Sunday, 14 June 2015

Easels Pt 2 By John Softly


This easel; is manufactured in America and although mine is somewhat old they are still current. I first became aware of it when watching a Hazel Soan DVD and liked the way the support was held by spring loaded clips.

The Testrite apex adjustment mechanism

 The adjustment is similar to the mechanism of a photographic tripod with a pan head and, unlike a ball-headed tripod, the support bar only moves on the Y axis, whereas a ball head moves on the Y and X axis, which is the case in all the remaining easels depicted - with one exception.!

There have been several versions of this tripod over the years, this is one of the earliest. Hazel Soan has one with a lockable quadrant, to move the angle of the support bar (see pic). It is of average weight (2kg) but very stable and can take my Best Brella and Easel Butler. 


The Frome comes in different colours and some models have a couple of clips at the bottom horizontal support bar from which to hang a water container. 

This Italian-made steel easel is quite heavy at 2.2kg but  a model that is popular, possibly due to the fact despite the weight it is portable, although not to be carried for any length of time.

Australian artists visiting the UK  for the purpose of filming demos for APV or Townhouse Films invariably end up with a Frome, but they are not available in Australia. It is a positive sturdy easel with an oblong section support bar, with little or no play when locked, and my only criticism is the angle of the legs are set, and this can be a problem in windy conditions. 


This one is similar to the Frome but is lighter (1.1kg) as it is made from aluminium. The main support bar is of oval section and as such not as positive as the Frome, really needing a pair of pliers to tighten the brass screws, even then the support is not entirely wobble free. The legs are basically the same as the Frome with no adjustment: they are either open or closed but it is light and very transportable. I have to admit I use this easel least of all those I have collected over the years, mainly as there is movement of an attached support as it is virtually  impossible to tighten the three round brass screws seen on the right of each movable piece.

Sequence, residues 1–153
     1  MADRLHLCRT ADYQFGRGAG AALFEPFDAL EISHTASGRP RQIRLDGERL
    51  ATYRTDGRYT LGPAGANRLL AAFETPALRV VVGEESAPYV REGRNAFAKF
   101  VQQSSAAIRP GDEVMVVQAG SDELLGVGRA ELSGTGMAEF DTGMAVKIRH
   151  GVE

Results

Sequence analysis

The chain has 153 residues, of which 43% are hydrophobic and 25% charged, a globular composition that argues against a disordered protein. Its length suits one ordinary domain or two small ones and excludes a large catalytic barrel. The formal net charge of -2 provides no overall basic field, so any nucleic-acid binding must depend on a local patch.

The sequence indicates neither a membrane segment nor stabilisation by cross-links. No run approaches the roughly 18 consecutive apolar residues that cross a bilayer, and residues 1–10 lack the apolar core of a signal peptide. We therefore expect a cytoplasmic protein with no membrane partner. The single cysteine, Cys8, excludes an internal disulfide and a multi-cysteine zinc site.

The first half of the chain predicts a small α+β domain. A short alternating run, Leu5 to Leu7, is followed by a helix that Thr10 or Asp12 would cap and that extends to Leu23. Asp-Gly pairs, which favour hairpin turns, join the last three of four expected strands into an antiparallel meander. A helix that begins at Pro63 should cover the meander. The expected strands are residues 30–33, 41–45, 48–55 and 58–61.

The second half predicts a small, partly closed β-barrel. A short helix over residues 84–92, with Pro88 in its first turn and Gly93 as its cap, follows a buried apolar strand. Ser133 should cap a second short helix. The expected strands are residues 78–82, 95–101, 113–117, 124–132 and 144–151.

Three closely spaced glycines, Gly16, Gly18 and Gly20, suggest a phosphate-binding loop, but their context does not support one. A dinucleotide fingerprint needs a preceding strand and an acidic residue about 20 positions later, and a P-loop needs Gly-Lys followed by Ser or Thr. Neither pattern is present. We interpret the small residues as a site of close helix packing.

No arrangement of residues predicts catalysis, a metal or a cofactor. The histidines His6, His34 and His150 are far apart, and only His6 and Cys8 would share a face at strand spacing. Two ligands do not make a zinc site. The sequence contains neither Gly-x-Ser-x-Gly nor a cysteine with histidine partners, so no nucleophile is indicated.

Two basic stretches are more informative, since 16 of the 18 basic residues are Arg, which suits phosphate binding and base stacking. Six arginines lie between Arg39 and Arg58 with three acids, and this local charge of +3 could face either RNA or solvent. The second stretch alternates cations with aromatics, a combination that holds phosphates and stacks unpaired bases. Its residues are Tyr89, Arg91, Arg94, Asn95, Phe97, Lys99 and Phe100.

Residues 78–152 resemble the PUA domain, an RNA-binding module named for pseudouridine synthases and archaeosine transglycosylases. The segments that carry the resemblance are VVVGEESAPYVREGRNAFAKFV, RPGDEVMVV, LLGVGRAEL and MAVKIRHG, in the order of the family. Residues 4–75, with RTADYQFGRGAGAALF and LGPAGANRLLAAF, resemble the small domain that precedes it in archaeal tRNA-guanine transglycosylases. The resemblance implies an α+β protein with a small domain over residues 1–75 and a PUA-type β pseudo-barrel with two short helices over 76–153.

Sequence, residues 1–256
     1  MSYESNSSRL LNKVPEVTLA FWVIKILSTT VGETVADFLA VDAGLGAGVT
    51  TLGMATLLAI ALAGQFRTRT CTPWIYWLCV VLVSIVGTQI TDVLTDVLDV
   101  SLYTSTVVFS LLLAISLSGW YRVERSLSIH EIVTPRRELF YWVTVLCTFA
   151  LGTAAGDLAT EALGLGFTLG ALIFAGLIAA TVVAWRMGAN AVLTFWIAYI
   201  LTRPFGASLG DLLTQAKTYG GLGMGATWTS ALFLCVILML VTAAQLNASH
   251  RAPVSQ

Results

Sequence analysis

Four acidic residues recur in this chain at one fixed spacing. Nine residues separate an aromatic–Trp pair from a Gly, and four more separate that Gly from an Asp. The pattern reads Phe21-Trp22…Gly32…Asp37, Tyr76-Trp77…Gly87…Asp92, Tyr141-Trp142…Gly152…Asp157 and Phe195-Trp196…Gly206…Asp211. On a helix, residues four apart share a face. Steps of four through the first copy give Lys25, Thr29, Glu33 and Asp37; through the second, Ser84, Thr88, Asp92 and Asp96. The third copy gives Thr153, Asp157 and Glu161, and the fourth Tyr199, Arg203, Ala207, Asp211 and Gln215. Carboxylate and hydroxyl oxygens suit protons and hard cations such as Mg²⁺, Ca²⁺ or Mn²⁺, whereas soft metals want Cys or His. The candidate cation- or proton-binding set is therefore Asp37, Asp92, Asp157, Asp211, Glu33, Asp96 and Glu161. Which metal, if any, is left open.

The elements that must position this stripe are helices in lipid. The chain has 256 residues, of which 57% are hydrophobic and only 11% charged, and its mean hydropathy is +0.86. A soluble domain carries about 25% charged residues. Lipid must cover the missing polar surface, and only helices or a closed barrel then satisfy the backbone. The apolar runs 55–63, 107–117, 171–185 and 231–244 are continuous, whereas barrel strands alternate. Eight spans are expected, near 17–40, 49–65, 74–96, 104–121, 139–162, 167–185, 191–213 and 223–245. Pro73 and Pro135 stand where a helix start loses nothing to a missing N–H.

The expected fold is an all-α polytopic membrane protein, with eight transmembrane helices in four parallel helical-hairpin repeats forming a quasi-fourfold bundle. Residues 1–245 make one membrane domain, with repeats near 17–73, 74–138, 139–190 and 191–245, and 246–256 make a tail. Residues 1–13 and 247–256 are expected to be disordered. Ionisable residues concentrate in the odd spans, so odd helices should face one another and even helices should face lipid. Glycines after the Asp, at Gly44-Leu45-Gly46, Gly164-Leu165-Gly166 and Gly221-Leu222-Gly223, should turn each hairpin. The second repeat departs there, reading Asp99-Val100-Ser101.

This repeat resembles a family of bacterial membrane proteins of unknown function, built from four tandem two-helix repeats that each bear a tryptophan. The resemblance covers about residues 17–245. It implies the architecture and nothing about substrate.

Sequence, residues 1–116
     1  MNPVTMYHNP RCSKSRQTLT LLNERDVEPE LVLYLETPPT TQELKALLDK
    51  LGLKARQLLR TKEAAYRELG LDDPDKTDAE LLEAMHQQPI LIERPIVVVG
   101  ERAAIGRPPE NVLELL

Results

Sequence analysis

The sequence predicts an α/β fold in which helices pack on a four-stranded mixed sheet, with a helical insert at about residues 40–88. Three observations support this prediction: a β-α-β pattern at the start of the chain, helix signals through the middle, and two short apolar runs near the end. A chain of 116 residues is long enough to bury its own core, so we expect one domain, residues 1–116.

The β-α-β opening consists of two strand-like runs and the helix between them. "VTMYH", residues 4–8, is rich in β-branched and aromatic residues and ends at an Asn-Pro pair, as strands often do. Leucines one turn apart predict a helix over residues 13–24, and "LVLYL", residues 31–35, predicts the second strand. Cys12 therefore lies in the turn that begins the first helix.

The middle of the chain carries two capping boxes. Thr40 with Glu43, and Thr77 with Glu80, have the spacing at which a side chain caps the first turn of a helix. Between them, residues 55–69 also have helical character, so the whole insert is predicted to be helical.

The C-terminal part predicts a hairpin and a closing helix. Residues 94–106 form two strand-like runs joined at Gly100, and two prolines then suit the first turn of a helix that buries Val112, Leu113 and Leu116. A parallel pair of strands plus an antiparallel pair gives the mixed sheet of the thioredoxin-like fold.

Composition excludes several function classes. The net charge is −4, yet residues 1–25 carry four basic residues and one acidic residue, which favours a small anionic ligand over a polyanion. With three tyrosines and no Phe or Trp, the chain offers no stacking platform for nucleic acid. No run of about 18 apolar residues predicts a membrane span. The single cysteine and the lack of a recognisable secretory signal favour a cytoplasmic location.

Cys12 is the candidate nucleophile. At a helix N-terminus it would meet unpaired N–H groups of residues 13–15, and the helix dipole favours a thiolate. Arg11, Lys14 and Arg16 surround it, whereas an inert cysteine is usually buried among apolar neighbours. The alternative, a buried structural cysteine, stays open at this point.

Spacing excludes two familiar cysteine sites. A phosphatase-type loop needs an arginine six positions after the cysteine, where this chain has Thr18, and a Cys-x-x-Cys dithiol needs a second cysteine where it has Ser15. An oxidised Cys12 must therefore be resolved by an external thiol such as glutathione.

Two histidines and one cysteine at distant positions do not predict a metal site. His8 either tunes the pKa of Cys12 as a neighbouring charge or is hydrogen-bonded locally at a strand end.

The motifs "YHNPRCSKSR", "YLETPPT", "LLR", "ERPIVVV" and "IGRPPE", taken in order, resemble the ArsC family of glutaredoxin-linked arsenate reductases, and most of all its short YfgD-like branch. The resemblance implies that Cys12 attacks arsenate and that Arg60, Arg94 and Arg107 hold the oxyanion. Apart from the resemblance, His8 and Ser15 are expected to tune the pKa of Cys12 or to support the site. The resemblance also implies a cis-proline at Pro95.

My search for the perfect easel hasn't been a search as such - I just see an easel in use by a particular artist and think "That looks an interesting easel", find a supplier, be it new from an art supplier or second hand on Ebay, and either keep it if  liked or disposed of otherwise. Yes - I am fully aware I have too many easels but bear with me there are only three more to go! -try this one for the Testrite -  a UK link for the Nest


Virgil Carter said...

Two other interesting and light weight easels:

The Twister, which is really just a clever holder for the watercolor backing board. It fits on any camera tripod. I've used this for a long time. I like how it holds virtually any size painting and allows for unlimited tilting and twisting to accentuate or resist the flow of water and paint:

And the Sirui T-005X 54.5" Aluminum alloy tripod:

Best, Virgil

Peter Ward said...

Thanks Virgil.